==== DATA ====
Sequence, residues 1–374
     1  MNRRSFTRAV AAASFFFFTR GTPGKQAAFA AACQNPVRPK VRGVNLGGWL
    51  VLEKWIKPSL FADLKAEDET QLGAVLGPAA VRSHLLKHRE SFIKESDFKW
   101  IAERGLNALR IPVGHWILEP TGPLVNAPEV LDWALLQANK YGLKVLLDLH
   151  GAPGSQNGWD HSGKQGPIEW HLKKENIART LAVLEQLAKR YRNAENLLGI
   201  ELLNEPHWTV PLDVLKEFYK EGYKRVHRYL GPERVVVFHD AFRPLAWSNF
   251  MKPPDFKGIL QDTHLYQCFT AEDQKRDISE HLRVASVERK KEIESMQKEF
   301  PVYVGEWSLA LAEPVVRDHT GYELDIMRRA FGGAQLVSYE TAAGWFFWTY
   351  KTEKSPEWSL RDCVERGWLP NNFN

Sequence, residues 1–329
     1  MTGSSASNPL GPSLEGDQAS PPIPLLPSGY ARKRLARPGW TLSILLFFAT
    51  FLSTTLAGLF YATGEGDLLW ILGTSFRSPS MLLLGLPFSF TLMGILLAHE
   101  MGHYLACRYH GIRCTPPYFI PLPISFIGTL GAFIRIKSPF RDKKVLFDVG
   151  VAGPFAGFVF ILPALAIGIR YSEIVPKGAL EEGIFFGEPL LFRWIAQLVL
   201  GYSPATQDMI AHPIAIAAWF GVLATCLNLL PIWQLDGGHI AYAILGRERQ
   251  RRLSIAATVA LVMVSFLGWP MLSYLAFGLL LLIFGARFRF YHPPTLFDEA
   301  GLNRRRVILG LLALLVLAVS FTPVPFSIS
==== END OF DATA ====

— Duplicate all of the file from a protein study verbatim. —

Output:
Sequence, residues 1–374
     1  MNRRSFTRAV AAASFFFFTR GTPGKQAAFA AACQNPVRPK VRGVNLGGWL
    51  VLEKWIKPSL FADLKAEDET QLGAVLGPAA VRSHLLKHRE SFIKESDFKW
   101  IAERGLNALR IPVGHWILEP TGPLVNAPEV LDWALLQANK YGLKVLLDLH
   151  GAPGSQNGWD HSGKQGPIEW HLKKENIART LAVLEQLAKR YRNAENLLGI
   201  ELLNEPHWTV PLDVLKEFYK EGYKRVHRYL GPERVVVFHD AFRPLAWSNF
   251  MKPPDFKGIL QDTHLYQCFT AEDQKRDISE HLRVASVERK KEIESMQKEF
   301  PVYVGEWSLA LAEPVVRDHT GYELDIMRRA FGGAQLVSYE TAAGWFFWTY
   351  KTEKSPEWSL RDCVERGWLP NNFN

Sequence, residues 1–329
     1  MTGSSASNPL GPSLEGDQAS PPIPLLPSGY ARKRLARPGW TLSILLFFAT
    51  FLSTTLAGLF YATGEGDLLW ILGTSFRSPS MLLLGLPFSF TLMGILLAHE
   101  MGHYLACRYH GIRCTPPYFI PLPISFIGTL GAFIRIKSPF RDKKVLFDVG
   151  VAGPFAGFVF ILPALAIGIR YSEIVPKGAL EEGIFFGEPL LFRWIAQLVL
   201  GYSPATQDMI AHPIAIAAWF GVLATCLNLL PIWQLDGGHI AYAILGRERQ
   251  RRLSIAATVA LVMVSFLGWP MLSYLAFGLL LLIFGARFRF YHPPTLFDEA
   301  GLNRRRVILG LLALLVLAVS FTPVPFSIS